Unless you're living on a farm in the middle of no-where, you probably know that one of the more common buzz words in today's busy marketing and business world is Transparency. It seems that in the post Enron/Madoff/Domino's Pizza era, more and more company's are realizing that sharing information pertaining to their business processes the better change they have at winning the hearts and minds of their stakeholders. Obviously, this is a result of the technological advances in online sharing and content distribution as well as a growing sense of awareness and responsibility among empowered consumers.
So, with the massive amounts of information available to today and the fact that traditional marketing communication methods are limited in their ability to exclusively control the message, It would seem obvious that marketers and advertisers are trying to re-think and find new ways to share and disclose business methods with their constituents before they do it for them. However, it turns out this isn't as simple as it sounds.
Here are two opposing examples:
A mind-blowing example of how difficult it is to shake of the old habit of "holding your hand close to your chest" is provided by Morgan Spurlock: The greatest TED Talk ever sold. The man behind 'Super-Size Me' and the great TV series "30 Days" as well as other thought provoking documentaries is back with another brilliant film concept in which he exposes advertising's weak spot - Transparency. It's amazing to see the advertising executive's fear and distrust with Spurlock and his innovative concept. After all you could say that he single handedly caused a major earthquake and tsunami to one of the most powerful corporations in the world when he went on a strict diet of McDonald's only products. Yet, when you look at what happened to McDonalds' stock price since the release of "Super Size Me" in 2004 you see that it has only climbed. Today McDonald's is leading the quick service industry into new and healthier products. One could even argue that it was the best thing that could happen to McDonald's as it was a wake up call that caused the company to re-evaluate everything it did from the ground up.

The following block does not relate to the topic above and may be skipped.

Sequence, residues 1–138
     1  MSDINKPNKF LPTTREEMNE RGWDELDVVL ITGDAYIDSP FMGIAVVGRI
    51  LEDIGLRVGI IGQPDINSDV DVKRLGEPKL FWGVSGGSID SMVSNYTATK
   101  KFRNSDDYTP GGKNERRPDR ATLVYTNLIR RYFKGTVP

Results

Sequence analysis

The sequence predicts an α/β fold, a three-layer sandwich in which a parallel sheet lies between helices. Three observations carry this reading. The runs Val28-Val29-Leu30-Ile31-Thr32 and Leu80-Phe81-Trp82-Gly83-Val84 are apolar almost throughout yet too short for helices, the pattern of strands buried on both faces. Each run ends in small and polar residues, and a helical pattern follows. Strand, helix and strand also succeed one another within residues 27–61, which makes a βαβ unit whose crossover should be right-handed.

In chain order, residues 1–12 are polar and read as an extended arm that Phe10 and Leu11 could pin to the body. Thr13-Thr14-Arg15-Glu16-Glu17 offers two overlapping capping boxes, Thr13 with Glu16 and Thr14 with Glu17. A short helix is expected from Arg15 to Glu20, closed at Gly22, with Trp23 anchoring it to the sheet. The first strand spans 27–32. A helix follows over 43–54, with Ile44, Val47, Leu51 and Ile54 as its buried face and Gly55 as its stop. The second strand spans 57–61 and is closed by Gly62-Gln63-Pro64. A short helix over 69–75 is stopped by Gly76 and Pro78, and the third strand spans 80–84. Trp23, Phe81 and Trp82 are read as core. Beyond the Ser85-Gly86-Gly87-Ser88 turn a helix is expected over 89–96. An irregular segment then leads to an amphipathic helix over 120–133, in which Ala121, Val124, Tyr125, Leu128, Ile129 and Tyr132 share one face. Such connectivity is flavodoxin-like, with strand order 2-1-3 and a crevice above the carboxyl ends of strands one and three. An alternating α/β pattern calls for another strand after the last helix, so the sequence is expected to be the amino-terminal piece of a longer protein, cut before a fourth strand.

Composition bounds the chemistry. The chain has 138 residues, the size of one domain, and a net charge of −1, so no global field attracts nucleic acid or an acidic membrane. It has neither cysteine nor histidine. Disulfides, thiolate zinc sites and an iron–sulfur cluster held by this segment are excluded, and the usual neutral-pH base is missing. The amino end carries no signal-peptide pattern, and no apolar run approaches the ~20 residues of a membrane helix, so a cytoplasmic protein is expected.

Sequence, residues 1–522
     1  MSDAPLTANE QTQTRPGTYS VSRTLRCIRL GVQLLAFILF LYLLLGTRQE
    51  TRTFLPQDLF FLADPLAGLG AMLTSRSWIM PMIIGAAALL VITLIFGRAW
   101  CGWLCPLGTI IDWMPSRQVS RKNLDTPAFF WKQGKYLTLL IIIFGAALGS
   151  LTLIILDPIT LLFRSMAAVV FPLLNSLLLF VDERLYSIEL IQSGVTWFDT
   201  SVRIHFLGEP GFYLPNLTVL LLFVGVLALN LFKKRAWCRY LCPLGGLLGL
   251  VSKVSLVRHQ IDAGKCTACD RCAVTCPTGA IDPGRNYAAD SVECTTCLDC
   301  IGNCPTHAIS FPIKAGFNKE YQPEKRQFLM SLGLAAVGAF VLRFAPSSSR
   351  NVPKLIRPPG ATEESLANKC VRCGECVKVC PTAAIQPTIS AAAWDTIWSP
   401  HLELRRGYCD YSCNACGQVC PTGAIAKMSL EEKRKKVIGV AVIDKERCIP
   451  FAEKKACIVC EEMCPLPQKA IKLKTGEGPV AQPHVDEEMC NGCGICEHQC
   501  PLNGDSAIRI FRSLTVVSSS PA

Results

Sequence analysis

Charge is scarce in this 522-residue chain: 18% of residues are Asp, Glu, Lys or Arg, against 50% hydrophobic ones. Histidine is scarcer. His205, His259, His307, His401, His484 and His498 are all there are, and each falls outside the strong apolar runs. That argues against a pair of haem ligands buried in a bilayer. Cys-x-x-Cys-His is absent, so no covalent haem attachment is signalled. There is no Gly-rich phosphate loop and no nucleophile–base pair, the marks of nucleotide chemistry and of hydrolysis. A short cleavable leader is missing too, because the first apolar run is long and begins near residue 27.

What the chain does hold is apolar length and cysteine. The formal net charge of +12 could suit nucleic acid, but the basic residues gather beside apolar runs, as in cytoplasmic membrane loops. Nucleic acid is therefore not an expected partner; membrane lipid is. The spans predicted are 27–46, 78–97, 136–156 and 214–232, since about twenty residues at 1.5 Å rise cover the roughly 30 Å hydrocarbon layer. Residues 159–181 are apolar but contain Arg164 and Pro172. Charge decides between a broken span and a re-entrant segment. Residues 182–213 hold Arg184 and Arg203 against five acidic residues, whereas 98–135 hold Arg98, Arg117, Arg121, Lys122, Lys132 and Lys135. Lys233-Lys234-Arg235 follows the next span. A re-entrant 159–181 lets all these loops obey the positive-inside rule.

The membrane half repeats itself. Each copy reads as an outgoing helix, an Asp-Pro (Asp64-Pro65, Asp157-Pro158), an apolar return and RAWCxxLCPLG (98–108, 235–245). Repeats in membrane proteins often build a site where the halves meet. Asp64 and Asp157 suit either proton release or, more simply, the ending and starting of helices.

The second example is not as entertaining as Spurlock TED talk but still, it is a very interesting presentation and valuable lesson for companies that are looking to really shake things up and do things differently.
In this video, Tom Hulme of IDEO shares his experience and insights from building one of the more innovative collaboration and design thinking models out there today called OpenIDEO. A collaborative platform harnessing the knowledge of people worldwide who wish to activley contribute to the effort of solving tough problems. It's a joy to see how open and how transparent Tom is regarding the process and it embodies the idea of transparency and how companies need to learn how to give up the need for ultimate control of process and outcome and start engaging consumers and their wisdom to create better, together. My guess is that if Suplock had pitched the people at IDEO he would have gotten a green light to sponsor at least some part of this film.
What do you think? do business and trancparency have a future together?